We evaluate climate using statistical summaries of weather data collected over longer time periods, including means, percentiles, and extremes of various weather parameters such as temperature, precipitation, and wind. Climate can be evaluated on spatial scales ranging from global to regional to local and even micro-scale and for temporal scales ranging from days to months to seasons to years to decades to centuries to millennia and beyond. Weather extremes are part of climate and both weather and climate vary depending on temporal and spatial scales. Weather extremes and climate can also change over time and with longer time periods the magnitude of variation is likely to be larger. This complexity makes evaluating climate trends and associated extreme weather event trends very difficult. Any evaluation is relative – both spatially and temporally.
However, some simple statistics can be applied to examining weather extremes. If we choose a local spatial scale and a millennia time scale, we can look at probabilities of the occurrence of extreme weather events, such as extreme cold and hot temperatures, extreme precipitation, and extreme drought for instance. If we assume extreme weather events are random and select 1,000 weather monitoring locations somewhat evenly distributed around the globe and at least 200 kilometers apart, we can expect that on average each year one location will have a once in 1,000 year extreme weather event (relative to that location), somewhere around the globe. Because of random effects, some years might have none and some might have two or three stations with once in 1,000 year events. Similarly, we can expect that on average each year two locations will have a once in 500 year event, five locations will have a once in 200 year event, ten locations will have a once in 100 year event, 20 locations will have a once in 50 year event, and 50 locations will have a once in 20 year event (for statistics relative to each location). These statistics apply to each type of extreme weather event separately, including extreme cold temperatures, extreme hot temperatures, lengthy heat waves, lengthy cold waves, extreme precipitation amounts, lengthy wet periods, and lengthy droughts.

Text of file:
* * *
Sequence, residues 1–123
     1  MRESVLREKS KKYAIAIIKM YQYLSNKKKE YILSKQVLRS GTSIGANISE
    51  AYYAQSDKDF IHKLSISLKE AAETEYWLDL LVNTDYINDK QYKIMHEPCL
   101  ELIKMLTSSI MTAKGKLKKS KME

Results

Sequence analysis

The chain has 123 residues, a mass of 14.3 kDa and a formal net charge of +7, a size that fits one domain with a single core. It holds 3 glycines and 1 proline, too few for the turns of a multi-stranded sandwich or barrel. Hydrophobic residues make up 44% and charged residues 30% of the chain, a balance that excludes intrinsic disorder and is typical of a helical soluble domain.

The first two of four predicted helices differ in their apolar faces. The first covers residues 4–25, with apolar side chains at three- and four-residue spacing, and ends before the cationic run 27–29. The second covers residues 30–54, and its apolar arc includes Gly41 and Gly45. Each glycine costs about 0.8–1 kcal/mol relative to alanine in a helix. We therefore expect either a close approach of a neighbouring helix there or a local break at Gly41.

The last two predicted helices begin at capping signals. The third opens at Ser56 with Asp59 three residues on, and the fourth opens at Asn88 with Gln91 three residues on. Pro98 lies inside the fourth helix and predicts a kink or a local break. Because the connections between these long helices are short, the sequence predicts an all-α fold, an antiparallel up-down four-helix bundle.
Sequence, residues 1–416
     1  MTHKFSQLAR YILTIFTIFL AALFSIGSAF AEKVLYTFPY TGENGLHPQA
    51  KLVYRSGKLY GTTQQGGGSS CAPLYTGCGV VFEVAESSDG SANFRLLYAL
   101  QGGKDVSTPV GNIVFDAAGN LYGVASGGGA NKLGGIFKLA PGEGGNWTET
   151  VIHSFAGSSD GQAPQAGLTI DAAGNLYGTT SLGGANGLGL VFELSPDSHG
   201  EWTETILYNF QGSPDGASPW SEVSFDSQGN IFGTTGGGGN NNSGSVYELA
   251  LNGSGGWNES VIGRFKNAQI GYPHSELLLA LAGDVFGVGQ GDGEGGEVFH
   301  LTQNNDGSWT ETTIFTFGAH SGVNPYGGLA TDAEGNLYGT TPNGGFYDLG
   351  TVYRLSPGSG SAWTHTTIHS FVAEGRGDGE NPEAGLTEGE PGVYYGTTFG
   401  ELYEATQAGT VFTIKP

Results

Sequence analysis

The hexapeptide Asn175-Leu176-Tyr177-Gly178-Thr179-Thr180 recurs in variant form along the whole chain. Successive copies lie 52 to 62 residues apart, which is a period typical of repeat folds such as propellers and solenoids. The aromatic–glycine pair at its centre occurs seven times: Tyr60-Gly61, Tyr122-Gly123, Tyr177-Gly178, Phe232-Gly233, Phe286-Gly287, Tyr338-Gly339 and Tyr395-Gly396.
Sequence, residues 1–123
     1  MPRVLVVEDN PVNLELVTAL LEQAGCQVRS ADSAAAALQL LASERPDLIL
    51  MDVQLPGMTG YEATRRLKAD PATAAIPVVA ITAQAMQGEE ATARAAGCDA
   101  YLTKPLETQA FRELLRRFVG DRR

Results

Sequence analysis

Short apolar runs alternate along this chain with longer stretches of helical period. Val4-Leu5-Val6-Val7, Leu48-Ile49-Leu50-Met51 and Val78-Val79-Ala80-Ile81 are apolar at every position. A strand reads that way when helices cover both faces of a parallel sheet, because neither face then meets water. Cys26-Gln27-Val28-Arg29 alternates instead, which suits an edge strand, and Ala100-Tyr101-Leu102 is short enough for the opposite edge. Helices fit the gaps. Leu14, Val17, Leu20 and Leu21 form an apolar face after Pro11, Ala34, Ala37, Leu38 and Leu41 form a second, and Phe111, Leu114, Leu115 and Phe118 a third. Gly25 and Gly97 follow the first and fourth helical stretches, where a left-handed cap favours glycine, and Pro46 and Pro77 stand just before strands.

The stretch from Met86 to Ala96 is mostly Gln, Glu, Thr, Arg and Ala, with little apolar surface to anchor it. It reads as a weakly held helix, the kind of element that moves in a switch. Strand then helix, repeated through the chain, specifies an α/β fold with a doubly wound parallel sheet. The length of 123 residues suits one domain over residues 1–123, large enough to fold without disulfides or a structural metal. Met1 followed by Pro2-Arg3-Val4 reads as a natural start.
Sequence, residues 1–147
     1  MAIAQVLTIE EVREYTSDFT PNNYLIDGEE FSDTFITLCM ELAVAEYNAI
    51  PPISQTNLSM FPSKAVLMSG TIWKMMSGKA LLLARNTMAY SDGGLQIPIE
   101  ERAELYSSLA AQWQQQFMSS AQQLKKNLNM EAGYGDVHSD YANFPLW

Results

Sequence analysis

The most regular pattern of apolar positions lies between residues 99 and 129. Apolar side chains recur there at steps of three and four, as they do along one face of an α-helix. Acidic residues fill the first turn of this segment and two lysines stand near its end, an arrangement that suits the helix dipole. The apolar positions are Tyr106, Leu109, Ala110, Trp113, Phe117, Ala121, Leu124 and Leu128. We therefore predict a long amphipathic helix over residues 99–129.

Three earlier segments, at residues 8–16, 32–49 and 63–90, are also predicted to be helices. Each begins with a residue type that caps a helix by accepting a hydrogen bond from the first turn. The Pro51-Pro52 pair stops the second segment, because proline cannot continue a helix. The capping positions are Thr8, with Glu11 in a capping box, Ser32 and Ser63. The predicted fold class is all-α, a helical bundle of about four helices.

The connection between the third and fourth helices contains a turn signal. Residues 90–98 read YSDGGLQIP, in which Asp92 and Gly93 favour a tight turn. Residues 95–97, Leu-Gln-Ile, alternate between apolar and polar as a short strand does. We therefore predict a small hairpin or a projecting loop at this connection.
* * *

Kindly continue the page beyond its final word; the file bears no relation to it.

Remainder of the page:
The point is that with news media today reporting extreme weather events around the globe, there will be many very extreme weather events reported somewhere around the globe every year. This situation is to be expected as a part of normal weather and climate conditions and is nothing unusual.
To evaluate whether there are any significant trends over time for extreme events is difficult and requires long periods of weather data. From a global perspective, the necessary weather data records are insufficient spatially and temporally to determine any significant trends at present. From an individual location perspective, there are a few locations with long periods of record where it may be possible to evaluate changes over time by comparing non-overlapping 30-year periods. Ideally at least 150 years of complete data would be needed from a single location to have five different 30-year periods to compare for trend analysis, but very few locations have enough complete weather data for that length of time. Consequently, we cannot have much confidence in any claimed trends for extreme weather events until weather data are accumulated over much longer time spans, ideally 200 to 300 years or more, for examining trends over time.